District Court Criminal Rule 48(b) provides "[i]f there is unnecessary delay in bringing a defendant to trial, the court may upon motion of the defendant dismiss the complaint." The purpose of the rule ensures not only a criminal defendant's constitutional right to a speedy trial, but also furthers important judicial policy considerations of relief of trial court congestion, prompt processing of all cases reaching the courts and advancement of the efficiency of the criminal justice process. See State v. Estencion, 625 P.2d 1040, 1043 (Hawaii 1981). Unreasonable delay in the determination of criminal actions subverts the public good and disgraces the administration of justice. People v. Solomon, 296 N.Y. 85, 70 N.E.2d 404 (1946), cited in Estencion, 625 P.2d at 1043. Appreciation of these policy considerations have led a number of Federal Courts to conclude that trial courts have the inherent power to dismiss a case for failure to prosecute with due diligence. This power is independent of and distinct from the power which the Federal Speedy Trial Act, 18 U.S.C. §§ 3161-74, vests in the District Courts. United States v. Mehrmanesh, 652 F.2d 766, 771 (9th Cir. 1981); United States v. Peters, 587 F.2d 1267, 1270 n.6 (D.C.Cir. 1978); United States v. Carpenter, 542 F.2d 1132, 1134 n.2 (9th Cir. 1976); United States v. Clay, 481 F.2d 133, 137 (7th Cir.), cert. denied, 414 U.S. 1009, 94 S. Ct. 371, 38 L. Ed. 2d 247 (1973). Likewise, the power is additionally distinct from that which resides in the Court as a result of Sixth Amendment considerations. "[Federal] Rule 48(b), authorizing dismissal for unnecessary delay, is a vehicle for enforcing the Sixth Amendment right to a speedy trial, but that is not all it is. It is a restatement of the inherent power of the court to dismiss a case for want of prosecution, and that power of the court is not circumscribed by the Sixth Amendment. The court can dismiss whenever there has been unnecessary delay without being required to decide whether the delay was of such a nature as to deprive the *64 defendant of a constitutional right." 3 C. Wright, Federal Practice and Procedure, § 814 at 309-10 (1969). Thus, the proper inquiry under Rule 48 goes not only to the length of delay but necessarily also addresses the reasons for the delay.[3]

To accomplish the orderly administration of criminal justice the District Court must have the authority to dismiss a case on the ground that the State has failed to prosecute with due diligence. Although the District Court may not necessarily intend such a dismissal to preclude further prosecution, the Court's discretion to enter an order which will bar further prosecution is a necessary corollary of its authority. The proper vehicle for review of that exercise of discretion lies in a direct appeal. Any other conclusion would render nugatory a final order of dismissal and deprive the District Court of all practical control over its criminal calendar. As with all sanctions, however, the sanction of final termination should be exercised sparingly.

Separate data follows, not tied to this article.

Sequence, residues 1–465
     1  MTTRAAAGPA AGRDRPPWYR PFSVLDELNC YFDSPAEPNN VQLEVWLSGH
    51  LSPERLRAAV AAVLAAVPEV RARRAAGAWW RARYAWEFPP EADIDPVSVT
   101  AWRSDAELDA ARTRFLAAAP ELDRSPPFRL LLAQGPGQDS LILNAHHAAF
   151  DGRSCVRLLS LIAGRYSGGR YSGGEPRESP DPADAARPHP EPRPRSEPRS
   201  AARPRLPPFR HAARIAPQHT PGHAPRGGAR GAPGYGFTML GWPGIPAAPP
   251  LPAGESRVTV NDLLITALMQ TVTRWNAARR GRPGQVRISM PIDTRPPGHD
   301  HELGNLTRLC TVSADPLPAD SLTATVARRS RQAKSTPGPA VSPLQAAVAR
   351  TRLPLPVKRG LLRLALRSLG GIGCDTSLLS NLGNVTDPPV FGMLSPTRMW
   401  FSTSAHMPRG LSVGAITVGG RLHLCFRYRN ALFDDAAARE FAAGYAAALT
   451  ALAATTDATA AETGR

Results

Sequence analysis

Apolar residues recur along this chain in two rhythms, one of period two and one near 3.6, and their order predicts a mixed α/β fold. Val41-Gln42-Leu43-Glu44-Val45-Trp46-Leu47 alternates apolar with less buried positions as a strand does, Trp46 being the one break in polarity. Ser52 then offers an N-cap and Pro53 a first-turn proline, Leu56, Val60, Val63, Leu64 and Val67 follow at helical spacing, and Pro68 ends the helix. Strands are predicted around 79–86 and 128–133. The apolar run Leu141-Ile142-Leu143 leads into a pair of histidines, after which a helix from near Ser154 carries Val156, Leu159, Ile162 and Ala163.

We must next determine whether the Superior Court erred when it concluded, as it obviously did, that the District Court's order of dismissal was intended to be a final termination of this prosecution. Both courts should be aware of the possibility of further proceedings and should take care to enter an order of dismissal under Rule 48(b) which makes clear whether the order is intended as a final termination of all prosecution on that charge. Here, however, several circumstances support the conclusion of the Superior Court that the dismissal order of the District Court was intended to terminate prosecution. At the District Court level the defendant and his attorney were present and prepared for trial. The State advised the District Court it was not prepared for trial and requested a continuance. The dismissal was entered by the District Court following the denial of the State's request. If not a final termination, the dismissal would accomplish indirectly exactly what the District Court had just refused directlya continuance. The State did not seek a clarification or modification of the order. Indeed, the State made no attempt to initiate further proceedings against the defendant in District Court. Rather, it attempted to bypass the District Court altogether by presenting the case to the Grand Jury.

We emphasize that we do not comment upon whether the District Court dismissal was in fact an abuse of that Court's discretion. We suggest only that the proper avenue for relief available to the State was to appeal the order of the District Court rather than to obtain an indictment in the Superior Court. In the absence of such an appeal the propriety of the District Court's dismissal is not now before us. We hold only that the order of the Superior Court dismissing the indictment was correct.

The entry is:

Judgment affirmed.

All concurring.


[1] 15 M.R.S.A. § 2115-A(1) authorizes such an appeal to be taken directly to the Law Court. That section provides in pertinent part that "[a]n appeal may be taken by the State in criminal cases on questions of law from the District Court ... to the Law Court ... from a pretrial dismissal of ... [a] complaint...."

[2] The defendant has also argued that the double jeopardy clauses of the Maine and United States Constitution, given these circumstances, should bar his prosecution by indictment. We do not reach and express no opinion upon the merits of the appellee's double jeopardy claim.

[3] We emphasize that we are here concerned with a District Court dismissal of a complaint scheduled for trial which charged the defendant with terrorizing in violation of 17-A M.R.S.A. § 210(1)(A). A violation of section 210(1)(A) constitutes a Class D offense. 17-A M.R.S.A. § 210(2). We do not address and intimate no opinion upon the effect of a District Court dismissal under any other circumstances.